Why does Cyprus need a Sex Offender’s Register?
Tue 25Th Sep 2 boys aged 11 school Larnaca, they were led away by a cunning abductor, they were drugged and in his apartment for over 6 hours, until they were found by police asleep in his bed after being drugged! In response to this and many other offences against children, there is now a petition for a sex offender’s register in Cyprus, which has been praised, but is getting off to a slow start, the needs to change!
The civil liberties campaign group Liberty has expressed concern about the range of offences covered by the register. Derek Green, the director of the child protection organisation RWA, opposes exempting people cautioned or convicted of certain sexual offences from being placed on the register. He says it is worth monitoring those cautioned for minor sexual offences in order to see whether they repeat their behaviour.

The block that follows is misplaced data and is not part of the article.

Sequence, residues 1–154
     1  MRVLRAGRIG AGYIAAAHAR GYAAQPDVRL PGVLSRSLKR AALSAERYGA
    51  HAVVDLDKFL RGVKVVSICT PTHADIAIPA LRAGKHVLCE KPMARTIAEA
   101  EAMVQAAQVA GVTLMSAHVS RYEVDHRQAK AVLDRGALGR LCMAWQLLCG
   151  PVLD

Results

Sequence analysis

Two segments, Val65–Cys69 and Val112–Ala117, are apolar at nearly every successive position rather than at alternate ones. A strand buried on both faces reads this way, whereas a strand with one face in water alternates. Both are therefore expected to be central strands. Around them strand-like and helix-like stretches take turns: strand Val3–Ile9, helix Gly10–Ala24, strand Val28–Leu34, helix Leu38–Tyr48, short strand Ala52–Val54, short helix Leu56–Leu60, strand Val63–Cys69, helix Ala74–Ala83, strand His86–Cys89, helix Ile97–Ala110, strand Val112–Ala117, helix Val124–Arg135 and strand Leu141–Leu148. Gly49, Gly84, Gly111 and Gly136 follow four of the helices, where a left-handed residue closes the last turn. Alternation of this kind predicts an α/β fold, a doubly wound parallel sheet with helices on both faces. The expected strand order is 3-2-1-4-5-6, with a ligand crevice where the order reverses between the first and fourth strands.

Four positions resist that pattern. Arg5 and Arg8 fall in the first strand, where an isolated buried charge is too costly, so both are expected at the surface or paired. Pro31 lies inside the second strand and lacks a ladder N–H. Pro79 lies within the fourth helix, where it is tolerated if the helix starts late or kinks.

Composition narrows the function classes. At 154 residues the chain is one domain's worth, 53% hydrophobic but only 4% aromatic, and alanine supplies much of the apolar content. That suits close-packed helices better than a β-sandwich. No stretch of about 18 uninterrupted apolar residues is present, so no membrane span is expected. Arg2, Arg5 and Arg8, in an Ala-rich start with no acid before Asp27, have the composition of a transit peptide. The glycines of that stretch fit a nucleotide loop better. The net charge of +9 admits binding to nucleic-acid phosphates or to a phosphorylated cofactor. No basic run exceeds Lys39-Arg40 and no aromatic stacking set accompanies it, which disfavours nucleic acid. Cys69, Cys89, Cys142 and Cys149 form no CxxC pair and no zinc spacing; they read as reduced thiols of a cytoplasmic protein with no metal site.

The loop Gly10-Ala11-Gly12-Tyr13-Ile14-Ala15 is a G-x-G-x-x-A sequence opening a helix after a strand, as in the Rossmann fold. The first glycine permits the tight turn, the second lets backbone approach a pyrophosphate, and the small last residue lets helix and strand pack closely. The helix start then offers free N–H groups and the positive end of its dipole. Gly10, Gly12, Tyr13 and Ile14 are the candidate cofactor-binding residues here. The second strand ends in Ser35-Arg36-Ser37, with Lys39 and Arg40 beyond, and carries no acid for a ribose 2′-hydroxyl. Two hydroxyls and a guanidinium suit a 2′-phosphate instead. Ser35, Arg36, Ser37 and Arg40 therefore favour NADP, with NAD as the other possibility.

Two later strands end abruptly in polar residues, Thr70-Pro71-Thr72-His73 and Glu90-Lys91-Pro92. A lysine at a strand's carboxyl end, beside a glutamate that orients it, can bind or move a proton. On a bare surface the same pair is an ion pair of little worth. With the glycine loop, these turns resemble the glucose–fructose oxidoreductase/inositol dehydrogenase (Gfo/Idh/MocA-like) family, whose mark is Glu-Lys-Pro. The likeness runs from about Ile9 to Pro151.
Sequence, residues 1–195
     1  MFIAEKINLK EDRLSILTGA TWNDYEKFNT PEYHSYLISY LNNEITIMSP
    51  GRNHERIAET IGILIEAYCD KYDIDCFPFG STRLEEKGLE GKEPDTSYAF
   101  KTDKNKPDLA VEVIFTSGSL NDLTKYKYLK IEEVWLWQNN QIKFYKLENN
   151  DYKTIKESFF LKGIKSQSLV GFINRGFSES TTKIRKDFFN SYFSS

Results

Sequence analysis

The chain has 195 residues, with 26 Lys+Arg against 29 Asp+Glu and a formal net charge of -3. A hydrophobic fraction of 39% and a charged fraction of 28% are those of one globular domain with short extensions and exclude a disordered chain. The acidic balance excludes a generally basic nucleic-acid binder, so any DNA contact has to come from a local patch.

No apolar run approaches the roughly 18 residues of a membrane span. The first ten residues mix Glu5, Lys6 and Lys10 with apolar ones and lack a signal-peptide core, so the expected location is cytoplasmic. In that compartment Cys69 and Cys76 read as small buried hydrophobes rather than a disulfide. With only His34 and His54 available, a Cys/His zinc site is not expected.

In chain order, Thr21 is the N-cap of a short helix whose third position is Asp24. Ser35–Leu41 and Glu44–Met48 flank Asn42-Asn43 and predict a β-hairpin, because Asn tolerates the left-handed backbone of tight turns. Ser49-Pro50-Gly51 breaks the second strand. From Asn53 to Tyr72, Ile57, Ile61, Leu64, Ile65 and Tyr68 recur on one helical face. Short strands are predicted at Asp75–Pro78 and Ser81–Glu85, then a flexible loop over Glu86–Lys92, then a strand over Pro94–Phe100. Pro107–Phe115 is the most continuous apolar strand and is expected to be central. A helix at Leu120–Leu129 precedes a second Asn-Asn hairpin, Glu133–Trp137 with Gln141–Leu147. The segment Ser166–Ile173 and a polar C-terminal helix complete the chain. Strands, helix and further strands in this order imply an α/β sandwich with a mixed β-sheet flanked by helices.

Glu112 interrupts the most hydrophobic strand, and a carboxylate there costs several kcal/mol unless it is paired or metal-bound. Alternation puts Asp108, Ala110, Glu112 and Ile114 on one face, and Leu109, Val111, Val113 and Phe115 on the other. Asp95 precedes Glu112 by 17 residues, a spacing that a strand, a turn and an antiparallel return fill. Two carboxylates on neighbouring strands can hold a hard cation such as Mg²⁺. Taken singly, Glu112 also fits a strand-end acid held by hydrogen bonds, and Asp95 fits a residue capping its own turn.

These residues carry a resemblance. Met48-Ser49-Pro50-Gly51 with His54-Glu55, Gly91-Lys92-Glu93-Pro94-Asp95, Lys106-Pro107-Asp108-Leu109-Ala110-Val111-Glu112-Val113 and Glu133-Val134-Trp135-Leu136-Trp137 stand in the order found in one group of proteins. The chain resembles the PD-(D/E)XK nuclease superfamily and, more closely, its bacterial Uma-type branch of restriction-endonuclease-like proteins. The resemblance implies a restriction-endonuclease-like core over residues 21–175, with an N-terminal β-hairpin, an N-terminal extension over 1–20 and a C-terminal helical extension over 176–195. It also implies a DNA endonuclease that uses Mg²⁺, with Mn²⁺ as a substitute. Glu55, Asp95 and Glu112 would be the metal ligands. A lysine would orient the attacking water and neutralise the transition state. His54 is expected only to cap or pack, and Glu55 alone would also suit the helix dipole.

The sex crimes consultant, who works with the police, said: “For example, if a young person cautioned for indecent exposure comes before the police or courts again while being monitored on the register, then there may well be an on-going problem there.”
Who gets told about the movements of sex offenders?
Head teachers, doctors, youth leaders, sports club managers and others, including landlords, are notified of the existence of a local sex offender on a confidential basis, but a system of general disclosure is unlikely to happen in Britain. Is that far reaching enough? Not really…..parents must have a right to know if their children are in danger of coming in to contact with a sex offender. After the abduction and murder of Sarah Payne in 2000, who was 8, her parents campaigned for the Child Sex Offender Disclosure Scheme (named Sarah’s law) which gave parents the legal right to information about registered sex offenders who may come in to contact with their children.